This is a bit of an esoteric question, so I am probably calling @garethrking here.
I have been reading a YA novel yn y Gymraeg that has introduced me to a second type of short form past tense where (for example) the third person singular form ends in ai rather than odd.
I have done a bit of digging and as I understand it, this is used for:
Incomplete events in the past (where in English we would say ‘was doing something’.
E.g. Sefai yn y drws pan clywodd hi hynna. (She was standing in the doorway when she heard that.)
Habitual events in the past (where in English we would say, ‘used to do something’)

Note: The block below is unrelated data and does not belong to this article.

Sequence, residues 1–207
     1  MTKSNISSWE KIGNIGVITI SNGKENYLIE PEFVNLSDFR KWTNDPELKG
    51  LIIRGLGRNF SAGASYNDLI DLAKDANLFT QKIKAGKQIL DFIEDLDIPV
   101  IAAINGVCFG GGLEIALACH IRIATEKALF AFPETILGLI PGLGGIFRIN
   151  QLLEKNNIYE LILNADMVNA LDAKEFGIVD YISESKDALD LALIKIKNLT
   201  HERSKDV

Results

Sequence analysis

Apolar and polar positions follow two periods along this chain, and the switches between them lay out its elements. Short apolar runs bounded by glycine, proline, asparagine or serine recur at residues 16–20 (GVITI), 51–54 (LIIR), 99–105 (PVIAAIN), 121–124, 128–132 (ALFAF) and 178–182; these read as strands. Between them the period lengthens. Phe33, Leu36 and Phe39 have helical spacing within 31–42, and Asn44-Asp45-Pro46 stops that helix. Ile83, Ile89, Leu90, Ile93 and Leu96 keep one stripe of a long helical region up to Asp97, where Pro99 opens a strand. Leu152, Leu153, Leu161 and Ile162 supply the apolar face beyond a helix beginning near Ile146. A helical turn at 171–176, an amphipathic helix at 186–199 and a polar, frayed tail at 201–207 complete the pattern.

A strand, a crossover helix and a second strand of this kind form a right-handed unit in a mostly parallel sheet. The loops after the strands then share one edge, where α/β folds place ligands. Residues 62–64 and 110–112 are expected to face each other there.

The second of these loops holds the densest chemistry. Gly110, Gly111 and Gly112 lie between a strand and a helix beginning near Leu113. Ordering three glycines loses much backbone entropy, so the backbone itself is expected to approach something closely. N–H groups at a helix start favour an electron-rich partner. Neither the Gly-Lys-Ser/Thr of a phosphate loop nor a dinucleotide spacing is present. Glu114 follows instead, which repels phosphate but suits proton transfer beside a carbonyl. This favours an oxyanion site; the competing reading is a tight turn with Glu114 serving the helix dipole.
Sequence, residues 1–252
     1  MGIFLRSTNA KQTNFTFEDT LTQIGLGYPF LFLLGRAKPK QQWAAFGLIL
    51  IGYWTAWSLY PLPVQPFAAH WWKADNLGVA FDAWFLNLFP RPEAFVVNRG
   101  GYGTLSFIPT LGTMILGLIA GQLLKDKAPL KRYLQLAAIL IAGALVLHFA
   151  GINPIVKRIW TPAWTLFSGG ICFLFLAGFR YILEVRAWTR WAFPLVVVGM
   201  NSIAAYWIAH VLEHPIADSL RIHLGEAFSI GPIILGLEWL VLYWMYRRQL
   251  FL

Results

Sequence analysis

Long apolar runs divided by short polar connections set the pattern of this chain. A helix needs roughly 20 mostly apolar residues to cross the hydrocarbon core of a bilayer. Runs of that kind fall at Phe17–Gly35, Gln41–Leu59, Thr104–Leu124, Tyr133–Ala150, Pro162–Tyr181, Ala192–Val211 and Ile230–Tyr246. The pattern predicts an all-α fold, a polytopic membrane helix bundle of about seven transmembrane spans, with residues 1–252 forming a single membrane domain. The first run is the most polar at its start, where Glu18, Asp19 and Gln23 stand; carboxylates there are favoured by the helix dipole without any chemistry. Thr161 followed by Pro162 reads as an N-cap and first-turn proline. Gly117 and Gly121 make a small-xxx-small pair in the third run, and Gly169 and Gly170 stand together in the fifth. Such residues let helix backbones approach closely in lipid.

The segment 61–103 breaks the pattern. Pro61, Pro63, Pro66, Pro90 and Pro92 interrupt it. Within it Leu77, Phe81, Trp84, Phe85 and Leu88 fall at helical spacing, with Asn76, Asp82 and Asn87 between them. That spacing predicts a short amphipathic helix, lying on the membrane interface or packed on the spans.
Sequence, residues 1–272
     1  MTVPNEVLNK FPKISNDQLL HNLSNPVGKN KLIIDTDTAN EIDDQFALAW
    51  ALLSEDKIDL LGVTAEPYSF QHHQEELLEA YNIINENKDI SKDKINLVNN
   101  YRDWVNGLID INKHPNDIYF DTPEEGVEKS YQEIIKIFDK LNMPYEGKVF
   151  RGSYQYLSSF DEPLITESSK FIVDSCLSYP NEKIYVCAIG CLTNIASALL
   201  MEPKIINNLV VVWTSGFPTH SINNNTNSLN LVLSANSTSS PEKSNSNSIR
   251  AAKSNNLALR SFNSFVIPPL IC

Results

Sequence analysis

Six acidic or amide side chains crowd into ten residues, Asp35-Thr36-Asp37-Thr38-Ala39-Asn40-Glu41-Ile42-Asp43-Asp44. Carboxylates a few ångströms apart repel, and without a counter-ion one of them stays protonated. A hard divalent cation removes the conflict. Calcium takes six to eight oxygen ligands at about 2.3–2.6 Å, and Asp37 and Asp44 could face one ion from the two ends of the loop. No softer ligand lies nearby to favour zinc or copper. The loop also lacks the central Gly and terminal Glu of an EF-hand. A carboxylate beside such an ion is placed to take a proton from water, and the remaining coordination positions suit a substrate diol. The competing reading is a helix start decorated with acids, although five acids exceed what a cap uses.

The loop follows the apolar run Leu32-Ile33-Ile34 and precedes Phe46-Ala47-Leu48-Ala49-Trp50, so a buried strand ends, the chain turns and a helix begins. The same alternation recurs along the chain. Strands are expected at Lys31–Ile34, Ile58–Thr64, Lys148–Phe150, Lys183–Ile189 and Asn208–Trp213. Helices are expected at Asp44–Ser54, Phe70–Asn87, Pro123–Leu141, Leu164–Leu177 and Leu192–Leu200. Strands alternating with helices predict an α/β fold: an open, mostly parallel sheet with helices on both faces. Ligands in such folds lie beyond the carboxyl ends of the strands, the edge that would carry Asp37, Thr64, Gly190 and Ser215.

e.g. Gwisgai hi ddillad goch yn y gaeaf. (She used to where red clothes in the winter)
The future perfect (ie the past tense of ‘will do’, which in English is ‘would do’
Temlai hi’n wahangol yn y bore. (She would feel different in the morning.)
So - my questions:
- Errors of spelling, mutation etc apart, have I got this broadly right?
- Are the first two straight short-form equivalents of ‘oedd hi / oedd hi’n arfer + verbnoun’ or is there a more subtle distinction here?
- For the third one, could you also say ‘byddai hi’n teimlo yn wahangol yn y bore’ or does that not work for the future perfect in Welsh?
Thank you from a self-confessed grammar nerd.